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Five Takeaways from the OIG’s Special Advisory Bulletin on Exclusion

This week the Office of Inspector General for the Department of Health and Human Services (“OIG”) issued an updated Special Advisory Bulletin on the Effect of Exclusion from Participation in Federal Health Care Programs, an update that was more than thirteen years in the making.

The initial Special Advisory Bulletin on Exclusion, published in September 1999, warned health care providers that the practical effect of exclusion is that they are precluded from employing or contracting with an excluded party in any capacity. To protect providers from potential civil monetary penalties, the OIG strongly advised that providers screen all employees and contractors for exclusion prior to hiring or contracting with them and then “periodically” thereafter.

In the ensuing thirteen years, statutory and regulatory changes have enhanced the OIG’s civil monetary penalty authority. In its new issuance, the OIG tacitly acknowledges that exclusion does not completely bar health care related employment, but still takes an expansive view of the impact of an exclusion. This advisory articulates the five top takeaways from the OIG’s Special Advisory Bulletin (the “Advisory”).

1. Why Does Exclusion Matter?

Federally funded health care programs cannot pay for any item or service furnished by an individual or entity excluded by the OIG. Excluded individuals and entities also cannot order or prescribe products or services to be paid for federally funded health care programs.

Based on that prohibition, the OIG has regulatory authority to impose civil monetary penalties on any person or entity that submits claims for items or services furnished by an excluded employee or contractor. The regulatory definition of “items or services” extends to claims based on items or omissions in cost reports or other supporting documents, or items counted in other reimbursement methodologies such as prospective payment systems.

2. Can a Health Care Provider Employ/Contract with Excluded Parties?

In the Advisory, the OIG continues to take a broad view of the prohibition on hiring or contracting with excluded individuals or entities. According to the OIG, health care providers can be subject to civil penalties if they:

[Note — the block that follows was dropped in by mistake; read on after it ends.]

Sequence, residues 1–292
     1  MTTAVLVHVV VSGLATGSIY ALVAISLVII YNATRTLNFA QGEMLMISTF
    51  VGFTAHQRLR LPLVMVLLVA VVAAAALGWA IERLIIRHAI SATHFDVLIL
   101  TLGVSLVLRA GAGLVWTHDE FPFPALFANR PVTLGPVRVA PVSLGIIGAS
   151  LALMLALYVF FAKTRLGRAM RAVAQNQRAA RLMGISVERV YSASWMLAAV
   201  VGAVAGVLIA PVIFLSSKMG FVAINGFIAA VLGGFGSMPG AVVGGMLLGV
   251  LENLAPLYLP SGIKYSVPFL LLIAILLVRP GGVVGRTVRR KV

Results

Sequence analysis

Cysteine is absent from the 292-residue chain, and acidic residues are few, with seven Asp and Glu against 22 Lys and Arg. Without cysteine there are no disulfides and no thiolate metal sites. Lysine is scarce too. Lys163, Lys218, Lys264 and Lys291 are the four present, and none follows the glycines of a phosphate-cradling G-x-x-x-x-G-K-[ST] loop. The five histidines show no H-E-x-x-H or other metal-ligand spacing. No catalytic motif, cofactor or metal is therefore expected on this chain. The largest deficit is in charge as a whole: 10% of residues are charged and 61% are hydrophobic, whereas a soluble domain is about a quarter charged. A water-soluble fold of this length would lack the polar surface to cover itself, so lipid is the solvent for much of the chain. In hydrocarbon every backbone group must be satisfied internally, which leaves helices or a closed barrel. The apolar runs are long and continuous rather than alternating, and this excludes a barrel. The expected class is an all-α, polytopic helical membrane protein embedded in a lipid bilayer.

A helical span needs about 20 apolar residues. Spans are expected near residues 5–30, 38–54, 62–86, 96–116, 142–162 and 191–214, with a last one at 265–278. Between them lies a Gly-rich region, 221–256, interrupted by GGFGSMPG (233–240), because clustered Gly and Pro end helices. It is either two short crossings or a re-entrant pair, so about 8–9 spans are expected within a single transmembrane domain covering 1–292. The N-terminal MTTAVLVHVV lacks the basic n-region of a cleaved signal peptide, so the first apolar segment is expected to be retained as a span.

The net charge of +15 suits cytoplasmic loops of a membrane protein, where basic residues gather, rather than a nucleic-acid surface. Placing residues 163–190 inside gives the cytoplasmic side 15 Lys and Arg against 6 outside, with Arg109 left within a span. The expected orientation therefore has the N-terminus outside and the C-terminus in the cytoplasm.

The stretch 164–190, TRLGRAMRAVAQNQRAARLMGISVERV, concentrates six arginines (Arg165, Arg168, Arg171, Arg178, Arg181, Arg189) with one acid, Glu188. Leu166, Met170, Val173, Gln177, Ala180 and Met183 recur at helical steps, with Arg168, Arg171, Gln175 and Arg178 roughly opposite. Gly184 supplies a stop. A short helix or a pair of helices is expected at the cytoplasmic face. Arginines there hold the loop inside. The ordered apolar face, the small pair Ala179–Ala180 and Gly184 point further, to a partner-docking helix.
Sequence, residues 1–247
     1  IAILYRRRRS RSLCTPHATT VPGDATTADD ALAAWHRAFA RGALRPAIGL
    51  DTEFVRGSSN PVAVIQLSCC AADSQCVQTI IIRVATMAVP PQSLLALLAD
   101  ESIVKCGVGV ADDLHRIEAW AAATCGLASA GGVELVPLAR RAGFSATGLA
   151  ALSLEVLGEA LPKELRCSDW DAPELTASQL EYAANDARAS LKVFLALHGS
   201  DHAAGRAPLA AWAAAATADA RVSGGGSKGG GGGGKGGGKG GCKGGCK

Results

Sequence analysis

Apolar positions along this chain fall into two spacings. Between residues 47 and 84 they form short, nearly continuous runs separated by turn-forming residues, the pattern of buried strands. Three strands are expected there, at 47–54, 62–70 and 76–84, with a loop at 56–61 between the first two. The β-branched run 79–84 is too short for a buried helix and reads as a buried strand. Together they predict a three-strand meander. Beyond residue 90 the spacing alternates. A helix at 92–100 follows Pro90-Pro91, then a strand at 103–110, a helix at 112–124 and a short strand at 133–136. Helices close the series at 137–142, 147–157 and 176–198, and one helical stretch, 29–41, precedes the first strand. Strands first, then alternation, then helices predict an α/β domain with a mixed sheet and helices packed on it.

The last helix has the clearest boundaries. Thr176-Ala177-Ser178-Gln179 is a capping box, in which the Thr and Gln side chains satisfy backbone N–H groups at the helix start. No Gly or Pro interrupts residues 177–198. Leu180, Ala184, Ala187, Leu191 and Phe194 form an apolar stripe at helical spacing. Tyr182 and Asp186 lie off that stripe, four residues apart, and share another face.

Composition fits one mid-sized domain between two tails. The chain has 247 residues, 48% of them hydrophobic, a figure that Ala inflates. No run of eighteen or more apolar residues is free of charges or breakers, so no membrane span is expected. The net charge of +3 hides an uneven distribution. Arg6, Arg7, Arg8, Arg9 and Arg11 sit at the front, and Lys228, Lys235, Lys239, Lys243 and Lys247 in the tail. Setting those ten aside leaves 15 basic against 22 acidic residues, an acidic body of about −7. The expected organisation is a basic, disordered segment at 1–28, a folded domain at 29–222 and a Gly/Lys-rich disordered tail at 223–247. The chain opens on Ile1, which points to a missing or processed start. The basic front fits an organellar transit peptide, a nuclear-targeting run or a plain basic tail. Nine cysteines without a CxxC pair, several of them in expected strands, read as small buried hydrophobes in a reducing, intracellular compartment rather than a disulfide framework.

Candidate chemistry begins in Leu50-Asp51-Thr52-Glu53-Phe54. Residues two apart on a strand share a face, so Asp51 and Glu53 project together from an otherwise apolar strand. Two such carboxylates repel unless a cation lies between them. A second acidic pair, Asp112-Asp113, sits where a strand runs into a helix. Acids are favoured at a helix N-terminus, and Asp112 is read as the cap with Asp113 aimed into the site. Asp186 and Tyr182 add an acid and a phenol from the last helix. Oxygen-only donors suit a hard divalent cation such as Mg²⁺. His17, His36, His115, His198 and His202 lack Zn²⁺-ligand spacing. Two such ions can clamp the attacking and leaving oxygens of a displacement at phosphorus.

• employ or contract with excluded parties to provide direct patient care, “indirect” services, administrative services, or management services paid directly or indirectly with federally funded health care program dollars; or
  • furnish items or services for federal health care program beneficiaries at the direction or prescription of an excluded individual, even if the excluded individual receives no payment (such as an excluded physician working as a volunteer).

And it is the prohibition on items or services paid for “indirectly” with federal health care program dollars that the OIG believes applies to prohibit providers from employing or contracting with excluded parties if the party, or their items or services, are financed with federal health care program dollars received through itemized claims, cost reports, fee schedules, capitated payments, bundled payments, or payments made to other non-excluded individuals or entities.

The OIG does recognize that there may be circumstances where a health care provider may contract with or employ an excluded party, but those circumstances are limited. The provider must be able to show that:

  • federally funded health care programs do not pay, directly or indirectly, for the items or services at issue; or
  • the excluded party furnishes items or services solely to non-federally funded health care beneficiaries.

3. How and How Often Should Employees and Contractors Be Screened?

The OIG is adamant that any screening for exclusion be conducted using the OIG’s own List of Excluded Individuals and Entities (“LEIE”) on the OIG’s website. While providers have discretion to also check other databases, the OIG maintains the LEIE, updates it monthly, and recommends that it be the primary source of exclusion screening.